The decision to shut down the SADC Tribunal raised a fundamental question as to whether its findings were binding and enforceable.

Given that the Tribunal was the only avenue to access justice, the status of its findings prior to foreclosure are an essential bulwark against the overwhelming power that the Zimbabwean Government has assumed in bullishly implementing its contested and divisive land reform programme.

Government of Zimbabwe v Fick

This was settled before South Africa’s Constitutional Court (CC) in its seminal finding handed down on 27 June 2013.

The matter came before the CC as an appeal against a decision of the Supreme Court of Appeal (SCA). The SCA itself dismissed an appeal against a prior ruling of the North Gauteng High Court (High Court).

The High Court was approached by the disposed farmers (first - third respondents in the CC) for the registration and enforcement of the costs order, in South Africa, previously given by the Tribunal against Zimbabwe for its persistent non-compliance with the Tribunal’s previous orders about land reform. The High Court found in their favour and issued a writ of execution against Zimbabwe’s immoveable property.

Zimbabwe then unsuccessfully applied to the High Court for the rescission of the order, which application was dismissed. Zimbabwe appealed further, unsuccessfully, to the SCA.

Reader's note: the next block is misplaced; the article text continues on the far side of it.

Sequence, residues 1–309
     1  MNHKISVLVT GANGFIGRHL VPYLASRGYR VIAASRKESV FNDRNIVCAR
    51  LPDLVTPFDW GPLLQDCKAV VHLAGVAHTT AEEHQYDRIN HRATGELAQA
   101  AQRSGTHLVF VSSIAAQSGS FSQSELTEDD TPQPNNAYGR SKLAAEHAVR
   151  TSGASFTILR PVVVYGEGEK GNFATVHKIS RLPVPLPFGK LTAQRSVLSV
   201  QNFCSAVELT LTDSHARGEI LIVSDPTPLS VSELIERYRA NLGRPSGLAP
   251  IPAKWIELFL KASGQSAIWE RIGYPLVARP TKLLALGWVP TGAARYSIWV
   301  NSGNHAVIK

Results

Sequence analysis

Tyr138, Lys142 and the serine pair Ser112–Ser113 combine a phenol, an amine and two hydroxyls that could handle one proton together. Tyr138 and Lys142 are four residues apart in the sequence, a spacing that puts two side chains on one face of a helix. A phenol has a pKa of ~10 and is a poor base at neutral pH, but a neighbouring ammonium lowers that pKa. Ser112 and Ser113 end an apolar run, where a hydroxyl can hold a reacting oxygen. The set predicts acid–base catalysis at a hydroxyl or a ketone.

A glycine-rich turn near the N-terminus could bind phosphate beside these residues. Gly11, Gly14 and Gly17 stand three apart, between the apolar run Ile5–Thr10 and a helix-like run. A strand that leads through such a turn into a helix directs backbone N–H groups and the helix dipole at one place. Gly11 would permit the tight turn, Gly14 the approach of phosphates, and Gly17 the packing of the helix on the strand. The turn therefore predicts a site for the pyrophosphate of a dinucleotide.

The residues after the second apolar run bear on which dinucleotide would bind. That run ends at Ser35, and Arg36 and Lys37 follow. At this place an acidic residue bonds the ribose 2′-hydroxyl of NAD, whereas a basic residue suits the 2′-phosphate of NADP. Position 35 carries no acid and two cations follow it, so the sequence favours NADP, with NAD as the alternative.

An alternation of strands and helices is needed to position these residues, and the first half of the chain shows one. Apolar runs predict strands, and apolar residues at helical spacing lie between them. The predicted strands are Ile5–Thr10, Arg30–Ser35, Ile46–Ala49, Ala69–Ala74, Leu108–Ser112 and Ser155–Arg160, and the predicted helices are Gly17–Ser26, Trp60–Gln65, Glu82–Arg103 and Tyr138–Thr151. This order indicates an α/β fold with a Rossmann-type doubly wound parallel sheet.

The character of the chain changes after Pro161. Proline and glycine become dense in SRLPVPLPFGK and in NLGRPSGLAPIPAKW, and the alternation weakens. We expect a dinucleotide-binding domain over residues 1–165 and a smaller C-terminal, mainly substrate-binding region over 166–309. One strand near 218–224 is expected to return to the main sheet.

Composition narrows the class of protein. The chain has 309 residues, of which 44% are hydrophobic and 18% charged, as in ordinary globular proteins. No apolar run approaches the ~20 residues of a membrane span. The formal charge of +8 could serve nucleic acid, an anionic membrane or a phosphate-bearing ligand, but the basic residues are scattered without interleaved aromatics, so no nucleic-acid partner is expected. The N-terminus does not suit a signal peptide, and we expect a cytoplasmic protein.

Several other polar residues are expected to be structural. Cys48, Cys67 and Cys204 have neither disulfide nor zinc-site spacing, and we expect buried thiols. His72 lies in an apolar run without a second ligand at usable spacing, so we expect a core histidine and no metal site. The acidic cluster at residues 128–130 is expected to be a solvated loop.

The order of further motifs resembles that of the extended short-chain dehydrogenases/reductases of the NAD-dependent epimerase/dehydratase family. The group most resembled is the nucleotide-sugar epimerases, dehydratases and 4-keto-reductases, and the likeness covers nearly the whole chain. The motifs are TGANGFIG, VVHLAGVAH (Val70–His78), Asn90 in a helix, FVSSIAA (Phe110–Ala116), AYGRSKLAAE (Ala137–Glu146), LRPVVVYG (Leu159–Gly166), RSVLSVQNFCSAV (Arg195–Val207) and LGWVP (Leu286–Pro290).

Mogoeng CJ (with Moseneke DCJ, Froneman J, Khampepe J, Mhlantla AJ, Nkabinde J, Skweyiya J, van der Westhuizen J concurring), writing for the majority, granted leave to appeal on the basis that this case raised important constitutional issues pertaining to access to courts and our own commitment to upholding and enforcing multilateral treaties to their full extent.

In dismissing the appeal with costs, Mogoeng CJ held that the duty to develop and apply our own common law, so as to allow the enforcement of foreign judgments within South Africa, was a constitutional duty created post-1994, notwithstanding the injunctions created by the SADC Treaty to enforce judgments of the Tribunal.

Mogoeng CJ also found that the objections raised by Zimbabwe with respect to the Tribunal’s lack of jurisdiction to hear the matter, and pronounce upon it in the first place, as being without merit, given that the Tribunal’s establishing Treaty was properly adopted internationally and within South Africa and, further, that Zimbabwe had submitted to the Tribunal’s jurisdiction [11].